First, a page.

The constant worry for critics is that no matter how much you see, no matter how finely attuned your culture radar is, you could miss something special, especially movies that don’t have a huge promotional budget behind them. I confess this almost happened to me with Fast Color, which I didn’t see until the Tuesday after it opened.
Do not risk making the same mistake. See this before it exits theaters!
Fast Color is a superhero film like few others, possessing emotional depth, uninterested in violence, and full of images of rural America that remind me of celebrated directors such as Ang Lee (Brokeback Mountain), Ridley Scott (Thelma & Louise) and Terrence Malick (Badlands).
Except this unnamed part of America, which could easily be home to Superman’s human parents, is the purview of black women. They occupy a farmhouse that is enlivened by strains of Nina Simone singing “New World Coming.”
Fast Color is about a family blessed with a matrilineal gift: They’re able to take things apart and reassemble them. But the women — Bo (Lorraine Toussaint), her daughter Ruth (Gugu Mbatha-Raw) and her granddaughter Lila (Saniyya Sidney) — are not engineers. What they do is transform objects down to their elemental states, turning bowls and cigarettes and even car repair tools from three-dimensional objects into piles of glittering, lively sand that resemble nebulae. And then, when it suits them, they reassemble them. There are rules, of course. The women can’t reassemble what’s already broken, only that which is whole.
Fast Color is a film about female power and those who seek to study and contain it. It doesn’t have the millions of dollars required to make the superhero tentpoles that DC and Marvel have thrust upon moviegoers. But I’d argue that it’s better for it — a limitation on the whizbang spectacle of constant special effects provides opportunity to appreciate stunning performances from Toussaint, Mbatha-Raw and Sidney.
Bo and Ruth are each running away from reality in one way or another. Although Bo possesses a family diary detailing how her maternal forebears tried to make sense of their power, Bo is wedded to a farmhouse in the hopes of keeping her granddaughter safe. She doesn’t offer the full story of the family’s past to her daughter or her granddaughter — the abilities she’s inherited have been more trouble than anything else. At least, they have for Ruth.
A weary Bo tells Ruth, “I’ve been seeing the colors for 52 years.” The magic just isn’t that big a deal to her anymore.
Ruth, on the other hand, is returning home after missing years of her daughter’s childhood. She’s haunted by powers that have gone wrong and are quieted only by substance abuse. The recovering addict is unable to conjure the light that comes so easily to her mother and daughter. Instead, Ruth is overcome by seizures that turn into earthquakes, which attract the attention of authorities and unscrupulous scientists. The film reaches its apex when those who want to study her and bottle her powers converge on the family farmhouse and, once again, Ruth must run.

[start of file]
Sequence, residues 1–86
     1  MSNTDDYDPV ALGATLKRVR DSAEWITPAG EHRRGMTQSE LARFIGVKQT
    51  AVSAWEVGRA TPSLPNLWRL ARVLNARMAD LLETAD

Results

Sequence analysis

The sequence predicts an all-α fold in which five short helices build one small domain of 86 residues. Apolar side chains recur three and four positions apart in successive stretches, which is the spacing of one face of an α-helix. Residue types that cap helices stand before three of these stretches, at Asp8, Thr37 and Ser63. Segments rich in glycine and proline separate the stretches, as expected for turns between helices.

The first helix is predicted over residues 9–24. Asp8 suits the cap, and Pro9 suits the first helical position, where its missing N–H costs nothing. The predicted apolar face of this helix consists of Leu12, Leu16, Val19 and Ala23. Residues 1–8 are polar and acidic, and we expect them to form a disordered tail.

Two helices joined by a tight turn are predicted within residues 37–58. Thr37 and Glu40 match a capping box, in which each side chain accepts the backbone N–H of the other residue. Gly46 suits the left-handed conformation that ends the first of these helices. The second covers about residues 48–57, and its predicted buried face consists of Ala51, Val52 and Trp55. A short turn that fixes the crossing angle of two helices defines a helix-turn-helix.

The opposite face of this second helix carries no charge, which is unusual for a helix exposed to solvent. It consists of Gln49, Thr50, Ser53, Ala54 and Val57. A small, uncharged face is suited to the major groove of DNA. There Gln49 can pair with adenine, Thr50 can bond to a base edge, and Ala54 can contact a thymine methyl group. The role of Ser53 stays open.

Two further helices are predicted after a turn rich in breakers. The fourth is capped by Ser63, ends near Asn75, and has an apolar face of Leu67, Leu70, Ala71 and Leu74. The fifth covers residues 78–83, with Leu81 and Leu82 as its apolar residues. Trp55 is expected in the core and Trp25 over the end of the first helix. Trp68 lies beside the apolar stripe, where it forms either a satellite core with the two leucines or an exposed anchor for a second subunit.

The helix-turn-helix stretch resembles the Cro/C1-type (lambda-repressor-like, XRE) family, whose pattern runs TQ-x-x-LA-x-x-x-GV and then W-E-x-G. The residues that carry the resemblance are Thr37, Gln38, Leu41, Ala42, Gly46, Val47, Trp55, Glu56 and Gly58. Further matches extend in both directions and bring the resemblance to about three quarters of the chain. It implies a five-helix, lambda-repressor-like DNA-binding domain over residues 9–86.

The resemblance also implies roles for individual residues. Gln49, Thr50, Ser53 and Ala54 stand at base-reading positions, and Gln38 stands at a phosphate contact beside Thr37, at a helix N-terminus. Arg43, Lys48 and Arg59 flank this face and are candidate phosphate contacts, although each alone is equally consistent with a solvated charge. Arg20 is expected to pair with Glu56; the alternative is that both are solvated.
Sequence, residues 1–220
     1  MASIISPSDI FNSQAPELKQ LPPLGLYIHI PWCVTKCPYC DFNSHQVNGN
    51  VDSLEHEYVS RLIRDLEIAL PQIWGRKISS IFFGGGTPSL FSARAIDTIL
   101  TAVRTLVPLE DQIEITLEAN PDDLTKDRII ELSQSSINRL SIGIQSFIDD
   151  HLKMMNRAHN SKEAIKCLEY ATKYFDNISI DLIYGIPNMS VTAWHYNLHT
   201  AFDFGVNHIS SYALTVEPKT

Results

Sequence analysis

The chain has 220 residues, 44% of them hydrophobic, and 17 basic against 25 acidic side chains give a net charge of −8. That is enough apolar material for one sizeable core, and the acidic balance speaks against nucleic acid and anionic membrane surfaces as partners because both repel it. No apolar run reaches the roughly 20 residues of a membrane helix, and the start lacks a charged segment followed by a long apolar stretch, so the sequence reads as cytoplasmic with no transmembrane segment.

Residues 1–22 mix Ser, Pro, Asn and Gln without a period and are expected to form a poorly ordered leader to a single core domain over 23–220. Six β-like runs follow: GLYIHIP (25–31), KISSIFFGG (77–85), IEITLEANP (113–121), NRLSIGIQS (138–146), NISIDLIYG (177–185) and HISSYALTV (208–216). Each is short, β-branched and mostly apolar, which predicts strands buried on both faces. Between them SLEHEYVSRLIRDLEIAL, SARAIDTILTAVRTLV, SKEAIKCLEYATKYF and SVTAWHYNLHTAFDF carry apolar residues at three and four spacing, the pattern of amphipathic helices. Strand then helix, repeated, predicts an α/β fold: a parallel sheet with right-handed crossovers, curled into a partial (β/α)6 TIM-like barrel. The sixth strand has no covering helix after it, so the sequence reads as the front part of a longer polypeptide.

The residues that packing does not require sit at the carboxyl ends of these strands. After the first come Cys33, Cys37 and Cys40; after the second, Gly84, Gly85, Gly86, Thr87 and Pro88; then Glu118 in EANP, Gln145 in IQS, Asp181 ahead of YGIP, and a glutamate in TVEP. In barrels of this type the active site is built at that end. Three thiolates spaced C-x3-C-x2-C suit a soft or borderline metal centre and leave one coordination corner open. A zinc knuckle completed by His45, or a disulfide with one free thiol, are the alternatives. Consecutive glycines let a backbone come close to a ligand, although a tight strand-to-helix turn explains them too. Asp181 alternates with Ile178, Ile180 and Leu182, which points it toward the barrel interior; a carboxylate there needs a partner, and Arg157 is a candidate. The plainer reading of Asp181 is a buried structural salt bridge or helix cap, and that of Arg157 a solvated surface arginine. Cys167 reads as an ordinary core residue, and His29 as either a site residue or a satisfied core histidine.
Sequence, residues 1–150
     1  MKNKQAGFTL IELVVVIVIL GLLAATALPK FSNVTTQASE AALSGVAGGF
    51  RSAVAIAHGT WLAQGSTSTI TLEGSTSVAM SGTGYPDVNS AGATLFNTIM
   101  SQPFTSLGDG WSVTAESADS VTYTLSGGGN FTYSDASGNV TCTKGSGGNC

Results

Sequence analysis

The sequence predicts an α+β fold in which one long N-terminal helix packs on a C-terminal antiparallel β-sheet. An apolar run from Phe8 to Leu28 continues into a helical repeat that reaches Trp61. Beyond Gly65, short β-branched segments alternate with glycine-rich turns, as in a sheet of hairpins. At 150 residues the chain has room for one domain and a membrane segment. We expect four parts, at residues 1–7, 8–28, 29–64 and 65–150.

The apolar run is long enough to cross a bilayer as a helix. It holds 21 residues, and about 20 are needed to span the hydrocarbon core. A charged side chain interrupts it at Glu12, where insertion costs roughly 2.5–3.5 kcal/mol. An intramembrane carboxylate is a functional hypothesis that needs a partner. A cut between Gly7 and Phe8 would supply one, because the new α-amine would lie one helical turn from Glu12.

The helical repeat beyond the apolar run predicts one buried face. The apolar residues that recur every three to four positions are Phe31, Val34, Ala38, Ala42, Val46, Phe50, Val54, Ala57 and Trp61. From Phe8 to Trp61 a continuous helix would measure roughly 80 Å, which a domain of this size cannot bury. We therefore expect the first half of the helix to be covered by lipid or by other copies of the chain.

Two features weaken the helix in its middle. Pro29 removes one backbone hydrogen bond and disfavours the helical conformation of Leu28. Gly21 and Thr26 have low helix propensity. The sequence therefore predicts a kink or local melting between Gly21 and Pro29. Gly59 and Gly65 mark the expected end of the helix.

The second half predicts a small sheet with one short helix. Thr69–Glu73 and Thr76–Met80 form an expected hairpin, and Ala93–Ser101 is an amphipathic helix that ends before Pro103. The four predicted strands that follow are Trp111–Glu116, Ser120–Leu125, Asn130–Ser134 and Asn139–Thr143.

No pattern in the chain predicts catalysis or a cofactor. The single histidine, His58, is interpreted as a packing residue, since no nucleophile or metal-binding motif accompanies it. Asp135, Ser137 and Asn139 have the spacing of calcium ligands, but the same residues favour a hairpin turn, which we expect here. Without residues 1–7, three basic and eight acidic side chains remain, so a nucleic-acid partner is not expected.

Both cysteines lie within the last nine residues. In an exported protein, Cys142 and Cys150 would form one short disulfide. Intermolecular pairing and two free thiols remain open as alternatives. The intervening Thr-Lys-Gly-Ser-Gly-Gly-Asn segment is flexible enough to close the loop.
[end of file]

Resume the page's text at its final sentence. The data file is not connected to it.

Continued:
Yes, the typical superhero movie tropes are there: individuals saddled with unwanted, potentially destructive powers who are sought after by Science Villains; a fading middle America in crisis and in desperate need of transformation; unexplained phenomena. It’s just that the approach is completely, blessedly different.
Written by Julia Hart and her husband, Jordan Horowitz (perhaps best known as the producer of La La Land who informed Oscar viewers that Moonlight had won best picture), Fast Color is the film that finally makes complete use of Mbatha-Raw’s spectacular talents. It combines the wonder and adventure of Mbatha-Raw’s tenure on Doctor Who with her gentle maternalism in A Wrinkle in Time and the gutsiness of the title character she played in Belle.
But in portraying a woman with superpowers she cannot control, Mbatha-Raw reaches something deeper, something spiritual, as each torturous earthquake forces her to lash herself to something solid while she rides out her seizures. That spirituality is heightened by cinematographer Michael Fimognari, who focuses on the exquisite desolation of a place deprived of water but not life. In Fast Color, mystery is in the earth, in the heavens and everything in between, and it’s up to Bo, Ruth and Lila to unlock them and maybe save the world.
Hart and Horowitz’s script left the door open for a sequel, and I hope it gets made. Fast Color is an exceptional, poetic ride that cries out for further exploration.